Starting with the End in Mind: Best Practices for Business Succession Planning
Emily Taibl, Sweeney Conrad PS
In the fast-paced business world in which we all currently operate, it can be a challenge just to get through the daily “to-dos”. It is easy to let planning for the future fall to the bottom of the list. However, the more you plan now, the smoother the transitions can be. Below are some of the best practices for succession planning that will help to streamline the process.
Start Early: There is a reason this article is titled “starting with the end in mind.” While thinking about how a company or department will continue after an employee exits may seem unnatural, the earlier you have a plan for it the better. Building a strong foundation with clear direction and structure can help alleviate guess work and untangling down the line.
Never Stop Planning: Business is always in motion- unless you are selling or closing a business, there is no finish line. Your succession plan should be a continuous plan that grows and changes, reflecting economic cycles, trends in the marketplace and the skills and strengths of your current leaders as well as those coming up behind them. This best practice is extremely important in accounting firms, as there are years where we may retire a number of shareholders and other whole periods of time where none of our leadership is changing.
Analyze: Analysis is an important part of succession and it comes into play in a number of areas. First, it is important to analyze your current situation. Identify team members who are forward thinking, dedicated employees on the path to leadership. Second, analyze the future. Take a look at trends in your market, important skills that your company’s future leaders will need, and areas where your industry is growing. It can be helpful to conduct an annual SWOT analysis (strengths, weaknesses, opportunities and threats) so that you can make hires that will continue moving your business in the right direction, and build a foundation of strong up-and-coming leaders.
Define Roles Clearly: The more clearly and well-defined your roles and job descriptions are, the easier it will be to navigate transition. This can be more difficult in departments such as accounting marketing, since many of us are navigating these roles for the first time in our firms. Be sure to have open dialogue with your supervisors and partners and take time to create thorough job descriptions and titles. Revisit them often as your current responsibilities and those of your team continue to evolve.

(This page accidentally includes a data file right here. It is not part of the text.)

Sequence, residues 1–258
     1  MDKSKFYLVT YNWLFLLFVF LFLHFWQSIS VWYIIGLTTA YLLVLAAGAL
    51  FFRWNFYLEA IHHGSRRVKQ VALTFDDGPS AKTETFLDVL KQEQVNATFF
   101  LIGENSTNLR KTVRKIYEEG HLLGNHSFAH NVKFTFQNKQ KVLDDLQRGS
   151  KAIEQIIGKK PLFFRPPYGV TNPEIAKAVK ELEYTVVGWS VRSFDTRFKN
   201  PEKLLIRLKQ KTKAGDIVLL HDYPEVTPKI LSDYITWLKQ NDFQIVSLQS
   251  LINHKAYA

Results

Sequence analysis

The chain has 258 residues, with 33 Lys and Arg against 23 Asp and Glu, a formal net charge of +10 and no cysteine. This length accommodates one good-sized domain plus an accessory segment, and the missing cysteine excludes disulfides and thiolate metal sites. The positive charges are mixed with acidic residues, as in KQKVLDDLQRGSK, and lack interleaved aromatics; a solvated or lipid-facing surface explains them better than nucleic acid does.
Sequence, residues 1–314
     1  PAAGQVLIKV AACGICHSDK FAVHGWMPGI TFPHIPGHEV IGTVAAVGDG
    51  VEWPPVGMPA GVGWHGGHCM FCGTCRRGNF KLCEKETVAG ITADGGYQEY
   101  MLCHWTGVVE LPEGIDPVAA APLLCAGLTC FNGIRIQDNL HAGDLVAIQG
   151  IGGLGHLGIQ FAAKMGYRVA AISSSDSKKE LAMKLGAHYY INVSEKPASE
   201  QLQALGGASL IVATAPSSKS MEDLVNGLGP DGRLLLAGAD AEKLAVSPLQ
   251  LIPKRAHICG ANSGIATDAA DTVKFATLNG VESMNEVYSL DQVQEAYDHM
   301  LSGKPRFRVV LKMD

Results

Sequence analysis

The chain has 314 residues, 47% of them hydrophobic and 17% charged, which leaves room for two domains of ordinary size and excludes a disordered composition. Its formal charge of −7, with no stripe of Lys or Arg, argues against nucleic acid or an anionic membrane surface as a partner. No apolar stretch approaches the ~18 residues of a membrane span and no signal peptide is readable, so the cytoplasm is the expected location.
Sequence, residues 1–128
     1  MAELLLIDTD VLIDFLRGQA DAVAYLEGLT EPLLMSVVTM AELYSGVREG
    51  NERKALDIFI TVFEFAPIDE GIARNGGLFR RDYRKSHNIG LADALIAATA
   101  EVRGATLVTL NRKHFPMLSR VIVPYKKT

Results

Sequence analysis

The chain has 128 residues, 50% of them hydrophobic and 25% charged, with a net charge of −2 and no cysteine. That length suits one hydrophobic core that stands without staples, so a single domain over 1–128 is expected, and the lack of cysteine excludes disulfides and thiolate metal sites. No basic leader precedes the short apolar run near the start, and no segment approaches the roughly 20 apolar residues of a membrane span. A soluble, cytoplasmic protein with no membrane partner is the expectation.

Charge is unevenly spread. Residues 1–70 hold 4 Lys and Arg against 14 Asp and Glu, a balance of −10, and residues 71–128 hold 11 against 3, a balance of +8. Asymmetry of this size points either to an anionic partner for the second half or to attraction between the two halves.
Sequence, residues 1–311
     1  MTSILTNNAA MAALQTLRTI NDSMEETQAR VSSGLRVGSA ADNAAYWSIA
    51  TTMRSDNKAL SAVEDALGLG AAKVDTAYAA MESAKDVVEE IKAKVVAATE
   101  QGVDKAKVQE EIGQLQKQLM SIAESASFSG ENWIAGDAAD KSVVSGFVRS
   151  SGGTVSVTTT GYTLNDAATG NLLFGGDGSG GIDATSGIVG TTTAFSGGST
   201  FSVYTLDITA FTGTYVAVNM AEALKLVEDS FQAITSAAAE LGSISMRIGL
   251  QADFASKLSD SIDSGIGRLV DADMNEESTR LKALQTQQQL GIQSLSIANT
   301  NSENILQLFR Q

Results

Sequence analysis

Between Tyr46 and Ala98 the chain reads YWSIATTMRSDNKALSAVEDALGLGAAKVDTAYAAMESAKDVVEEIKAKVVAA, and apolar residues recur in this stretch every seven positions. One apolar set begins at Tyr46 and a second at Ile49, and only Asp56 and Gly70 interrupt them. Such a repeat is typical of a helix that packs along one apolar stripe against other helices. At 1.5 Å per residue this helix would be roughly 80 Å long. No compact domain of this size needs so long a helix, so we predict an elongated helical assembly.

Communicate: You have probably heard the saying “communication is key.” When it comes to succession planning, communication is everything. Transitions can be difficult. The thought of handing over the reins to a new generation and selecting a predecessor (especially when family and/or money is involved), can cause emotions to run very high. Honest and consistent communication can keep assumptions and inferences to a minimum. Confronting issues head-on with training, evaluation and conversation may help to keep difficulties to a minimum.
Focus on Development: Developing your current employees goes hand in hand with defining roles and maintaining good communication. What you put into your employees, will come back to you tenfold as they develop into innovative and strong leaders.
Rely on the Experts: There is no shame in getting outside help. Make sure your business has the appropriate team in place to make transitions seamless. Whether that is an attorney, accountant, human resources expert or consultant of another kind, when emotions run high, experts can give you outside perspective and stay neutral.
The moral of the story is, while succession is easy to push away- the more you plan for the future, the smoother the future will be.